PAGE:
Umbrellas of Cherbourg is due to close early after some disastrous reviews. However, despite a half empty theatre, this Kneehigh production manages to create a unique atmosphere and effect. It’s not your usual musical, but has a charm all of its own.
First thing’s first. I can see why some people have found this production irritating. Whilst I have no time for those who complain that there are ‘no big numbers’ – if every musical followed a set formula, the novelty of seeing them would quickly fade – the fact that the show was entirely sung through did grate slightly. Unlike the quickly quelled initial awkwardness of not knowing where to look on first sight of the puppets in Avenue Q, Umbrellas didn’t succeed in dragging me away from the consciousness that entirely sung dialogue was, well, rather odd.
There are many very positive aspects of this production that mean that it is still well worth seeing. The staging is absolutely fantastic, shifting into a myriad of forms without ever losing a flowing momentum, understated but quirky, revolving like a scaffold carousel between scenes. The use of three sailors as dancers, ‘extras’ and movers of the actors in a flight-like motion add to a dreamlike quality that seeps throughout the whole show. This, along with the faultlessly stylised (and self-consciously French) set design, helps to create a visual masterpiece that is hugely memorable. The young lovers atop a slide integrated into the set next to a neon ‘Je t’aime’, the dancing mechanics in breton tops and berets, and the multicoloured facade of the Parapluies de Cherbourg being particular highlights. In a style reminiscent of Jean-Pierre Jeunet’s Amelie, the production was of an extremely high visual quality. Arty and retro, it managed to be tongue-in-cheek with its stylishness, an element of the comedy woven into the set and clever use of props.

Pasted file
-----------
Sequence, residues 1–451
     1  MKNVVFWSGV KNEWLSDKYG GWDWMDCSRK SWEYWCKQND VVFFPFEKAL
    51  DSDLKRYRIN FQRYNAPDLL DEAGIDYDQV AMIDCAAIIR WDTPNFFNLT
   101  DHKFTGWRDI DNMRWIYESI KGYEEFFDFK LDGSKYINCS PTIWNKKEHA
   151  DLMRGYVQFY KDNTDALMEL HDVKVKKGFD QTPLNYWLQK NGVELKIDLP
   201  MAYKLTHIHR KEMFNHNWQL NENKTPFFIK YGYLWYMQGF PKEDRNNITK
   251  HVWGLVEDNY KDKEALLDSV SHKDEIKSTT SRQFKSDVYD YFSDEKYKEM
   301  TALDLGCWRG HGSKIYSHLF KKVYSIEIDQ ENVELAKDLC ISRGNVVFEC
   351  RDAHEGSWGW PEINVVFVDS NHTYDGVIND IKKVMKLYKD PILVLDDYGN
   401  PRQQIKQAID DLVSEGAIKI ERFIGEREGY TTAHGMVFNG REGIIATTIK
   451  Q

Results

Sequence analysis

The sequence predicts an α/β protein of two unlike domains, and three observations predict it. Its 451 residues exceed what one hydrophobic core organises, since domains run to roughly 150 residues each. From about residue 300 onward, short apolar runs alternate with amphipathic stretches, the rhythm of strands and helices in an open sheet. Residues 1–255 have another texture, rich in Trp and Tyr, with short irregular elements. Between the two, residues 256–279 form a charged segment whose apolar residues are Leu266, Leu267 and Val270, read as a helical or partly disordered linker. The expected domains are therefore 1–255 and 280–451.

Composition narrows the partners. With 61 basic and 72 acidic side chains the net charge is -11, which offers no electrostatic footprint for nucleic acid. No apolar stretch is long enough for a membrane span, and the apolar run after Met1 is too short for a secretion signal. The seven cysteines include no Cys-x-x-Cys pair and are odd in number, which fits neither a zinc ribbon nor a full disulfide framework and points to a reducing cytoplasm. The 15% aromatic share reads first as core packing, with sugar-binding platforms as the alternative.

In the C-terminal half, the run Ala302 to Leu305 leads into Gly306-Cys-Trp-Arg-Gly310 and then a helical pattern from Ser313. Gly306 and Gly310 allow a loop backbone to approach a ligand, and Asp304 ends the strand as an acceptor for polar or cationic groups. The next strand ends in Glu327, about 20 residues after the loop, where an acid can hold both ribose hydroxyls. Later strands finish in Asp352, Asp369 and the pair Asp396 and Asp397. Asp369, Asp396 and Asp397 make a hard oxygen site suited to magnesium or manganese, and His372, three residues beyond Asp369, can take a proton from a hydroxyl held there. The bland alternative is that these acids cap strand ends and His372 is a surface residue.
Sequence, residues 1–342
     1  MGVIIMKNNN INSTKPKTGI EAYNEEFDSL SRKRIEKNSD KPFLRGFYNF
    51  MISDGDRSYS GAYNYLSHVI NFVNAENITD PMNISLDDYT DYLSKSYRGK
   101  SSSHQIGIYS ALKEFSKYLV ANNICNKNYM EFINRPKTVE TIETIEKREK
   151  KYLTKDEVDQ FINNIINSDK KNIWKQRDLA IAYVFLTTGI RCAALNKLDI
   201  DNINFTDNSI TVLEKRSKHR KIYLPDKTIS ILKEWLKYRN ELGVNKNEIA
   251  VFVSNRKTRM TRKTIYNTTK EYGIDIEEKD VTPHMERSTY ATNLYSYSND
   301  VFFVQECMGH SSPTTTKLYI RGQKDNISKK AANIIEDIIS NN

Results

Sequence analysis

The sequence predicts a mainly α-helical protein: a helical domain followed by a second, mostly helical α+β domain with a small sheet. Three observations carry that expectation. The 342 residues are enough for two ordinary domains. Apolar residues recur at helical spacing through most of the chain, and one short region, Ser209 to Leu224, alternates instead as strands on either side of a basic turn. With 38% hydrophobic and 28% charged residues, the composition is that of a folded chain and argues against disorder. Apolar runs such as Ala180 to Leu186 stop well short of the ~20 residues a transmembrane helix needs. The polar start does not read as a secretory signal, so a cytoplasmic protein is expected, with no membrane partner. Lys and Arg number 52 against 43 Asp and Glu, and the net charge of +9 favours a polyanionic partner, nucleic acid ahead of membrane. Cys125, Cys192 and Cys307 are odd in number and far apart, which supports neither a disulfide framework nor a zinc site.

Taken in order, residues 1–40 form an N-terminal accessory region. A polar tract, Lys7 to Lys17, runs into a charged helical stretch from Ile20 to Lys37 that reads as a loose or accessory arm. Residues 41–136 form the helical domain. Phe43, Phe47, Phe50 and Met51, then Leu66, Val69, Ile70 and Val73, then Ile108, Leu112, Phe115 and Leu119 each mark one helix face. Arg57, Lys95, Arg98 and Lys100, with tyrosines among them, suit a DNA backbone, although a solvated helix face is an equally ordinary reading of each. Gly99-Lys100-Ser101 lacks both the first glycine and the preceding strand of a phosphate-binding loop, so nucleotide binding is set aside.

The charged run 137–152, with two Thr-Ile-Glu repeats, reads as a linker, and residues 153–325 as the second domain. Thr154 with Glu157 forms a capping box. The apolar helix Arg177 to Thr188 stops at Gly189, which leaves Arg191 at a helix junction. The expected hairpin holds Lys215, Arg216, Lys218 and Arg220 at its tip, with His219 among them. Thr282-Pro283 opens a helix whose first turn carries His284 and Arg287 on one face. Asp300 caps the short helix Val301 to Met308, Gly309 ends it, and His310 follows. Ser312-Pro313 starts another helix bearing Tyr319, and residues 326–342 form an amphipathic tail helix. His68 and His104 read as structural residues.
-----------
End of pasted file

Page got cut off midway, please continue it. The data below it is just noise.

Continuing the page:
The story is a tale as old as time, and though I haven’t seen the film, I was left with the suspicion that Catherine Deneuve may have been part of a more involving version of the narrative. The plot here conveys romance and a ‘c’est la vie’ maturity, but I was not convinced by the supposedly heart-breaking journey taken by Carly Bawden’s Genvieve, and Andrew Durand’s Guy came across more as a little pathetic than a convincing romantic lead. However, great support was available in the shape of Joanna Riding as Genvieve’s Umbrella shop owning mother and Gillian Budd (understudying for Meow Meow) as the Maitresse, a cheeky guide through an evening which climaxed in a washing-up-liquid snowfall encompassing the stage and the front stalls.
The amount of criticism this show has received has undoubtedly been unfair – it has some stark winning qualities that won me over, but it is equally clear why it has displeased some. I had a lovely evening, revelling in the show’s beauty and charm, but it may be best to go prepared to take the plotting and uninterrupted singing as dents in what would otherwise be a smoothly coherent vehicle for Kneehigh’s originality.
Umbrellas of Cherbourg is showing at the Gielgud Theatre until May 21st. Tickets with a face value of £58 are currently available on the day for £28 at TKTS (see highly recommended links).